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Activists From Myanmar and Cambodia Join Forces

Pav Suy and Chea Takihiro / Khmer Times Share:

PHNOM PENH (Khmer Times) – Despite differing political situations, citizens of Myanmar and Cambodia face many of the same issues and can learn from each other, activists from the two countries told a conference here on Saturday.


Both countries are experiencing growing opposition to social and economic land concessions granted to investors from China and other Asian nations, the activists said at a conference at the Konrad-Adenauer-Stiftung Cambodia office.

The delegation from Myanmar gave a presentation about their hopes for the upcoming elections. They said that a real democracy and civilian-led government can only come from a universal, multi-party election, which the country will hold on November 8. 

Despite the upcoming election, the activists still felt the government was going out of its way to restrict certain freedoms and adopt laws that increased their control on civilian activity. They specifically mentioned a new cyber law that they say will make it difficult for young people to openly express their opinions on social media.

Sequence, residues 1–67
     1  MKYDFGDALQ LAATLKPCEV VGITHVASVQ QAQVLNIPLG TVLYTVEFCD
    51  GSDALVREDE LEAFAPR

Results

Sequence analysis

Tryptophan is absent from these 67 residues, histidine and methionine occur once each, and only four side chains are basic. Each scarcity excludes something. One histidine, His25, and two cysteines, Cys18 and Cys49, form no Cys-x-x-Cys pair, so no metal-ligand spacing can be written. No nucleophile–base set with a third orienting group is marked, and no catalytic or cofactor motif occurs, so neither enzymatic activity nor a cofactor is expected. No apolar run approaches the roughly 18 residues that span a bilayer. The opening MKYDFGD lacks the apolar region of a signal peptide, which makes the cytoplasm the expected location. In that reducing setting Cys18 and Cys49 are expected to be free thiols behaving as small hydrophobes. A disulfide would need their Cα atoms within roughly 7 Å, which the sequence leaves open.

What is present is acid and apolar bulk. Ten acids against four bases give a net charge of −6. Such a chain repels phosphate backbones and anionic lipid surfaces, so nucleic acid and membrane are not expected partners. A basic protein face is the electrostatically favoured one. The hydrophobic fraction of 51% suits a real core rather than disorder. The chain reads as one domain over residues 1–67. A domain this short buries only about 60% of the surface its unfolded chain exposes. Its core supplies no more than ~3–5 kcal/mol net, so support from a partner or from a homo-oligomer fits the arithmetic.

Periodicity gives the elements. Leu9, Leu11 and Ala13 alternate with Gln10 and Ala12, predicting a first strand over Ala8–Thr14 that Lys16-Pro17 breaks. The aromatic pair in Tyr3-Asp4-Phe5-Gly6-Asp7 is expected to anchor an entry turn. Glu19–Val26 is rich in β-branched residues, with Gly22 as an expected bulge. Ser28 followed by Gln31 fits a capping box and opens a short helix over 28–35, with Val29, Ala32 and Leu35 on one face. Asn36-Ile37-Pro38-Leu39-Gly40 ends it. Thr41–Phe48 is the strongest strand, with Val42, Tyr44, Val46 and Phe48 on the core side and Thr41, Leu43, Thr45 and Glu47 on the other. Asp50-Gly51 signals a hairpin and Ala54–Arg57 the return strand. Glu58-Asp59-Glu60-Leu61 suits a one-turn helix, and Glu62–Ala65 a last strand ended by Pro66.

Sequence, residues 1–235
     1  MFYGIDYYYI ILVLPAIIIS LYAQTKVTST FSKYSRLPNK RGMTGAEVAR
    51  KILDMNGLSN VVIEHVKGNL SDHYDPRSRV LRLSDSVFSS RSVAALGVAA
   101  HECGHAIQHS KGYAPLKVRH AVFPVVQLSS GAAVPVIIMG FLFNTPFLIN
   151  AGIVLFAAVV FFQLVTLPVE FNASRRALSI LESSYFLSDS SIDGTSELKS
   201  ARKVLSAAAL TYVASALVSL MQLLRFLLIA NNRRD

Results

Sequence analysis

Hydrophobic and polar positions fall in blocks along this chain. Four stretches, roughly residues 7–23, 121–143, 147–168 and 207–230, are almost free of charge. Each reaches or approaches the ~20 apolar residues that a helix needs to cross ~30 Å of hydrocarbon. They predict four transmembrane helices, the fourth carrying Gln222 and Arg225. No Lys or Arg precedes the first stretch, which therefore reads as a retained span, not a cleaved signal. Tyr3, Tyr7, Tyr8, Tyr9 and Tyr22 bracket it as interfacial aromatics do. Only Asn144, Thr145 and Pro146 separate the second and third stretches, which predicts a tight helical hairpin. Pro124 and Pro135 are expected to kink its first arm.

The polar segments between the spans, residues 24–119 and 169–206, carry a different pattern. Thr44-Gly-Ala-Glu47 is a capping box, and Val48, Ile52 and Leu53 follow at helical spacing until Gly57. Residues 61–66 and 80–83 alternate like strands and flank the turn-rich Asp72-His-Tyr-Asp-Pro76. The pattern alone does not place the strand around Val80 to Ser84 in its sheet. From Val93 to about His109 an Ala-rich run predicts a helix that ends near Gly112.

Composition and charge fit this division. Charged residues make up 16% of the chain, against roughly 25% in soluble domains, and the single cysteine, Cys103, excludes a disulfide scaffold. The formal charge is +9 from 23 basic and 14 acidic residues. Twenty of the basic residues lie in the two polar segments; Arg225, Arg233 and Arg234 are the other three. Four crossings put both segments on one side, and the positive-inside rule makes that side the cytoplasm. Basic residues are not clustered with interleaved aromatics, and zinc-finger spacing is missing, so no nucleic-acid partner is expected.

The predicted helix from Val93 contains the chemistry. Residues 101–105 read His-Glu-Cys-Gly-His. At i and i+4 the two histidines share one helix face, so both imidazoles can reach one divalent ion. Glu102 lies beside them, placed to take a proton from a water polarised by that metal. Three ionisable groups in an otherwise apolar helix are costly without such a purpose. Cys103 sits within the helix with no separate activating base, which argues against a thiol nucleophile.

One activist, who asked not to be identified by name for fear of reprisal in Myanmar, said people there can be jailed for sending emails critical of the “evil government.”
They said Cambodia interested them because the opposition was able to gain ground through the ballot box in the 2013. 

This is a good example for Myanmar, they said, adding that they were especially interested in how activists managed to get so many young people involved in campaigns.

Cambodian activists said it was not hard to get young people involved because so much is at stake here for the generation coming of age, particularly for environmental and economic issues. 

They spoke about their fight against the hydropower dam in Areng Valley and protests against economic and social land concessions. 

“In the 2013 election, there was a big change in Cambodian politics in which the opposition could get enough votes, so much so that at one point the opposition even claimed to have won,” one Cambodian activist said.

Other Cambodian activists questioned whether the country has progressed since the 2013. “While some acknowledge that Cambodia is doing better, it may just actually be theater,” one said.

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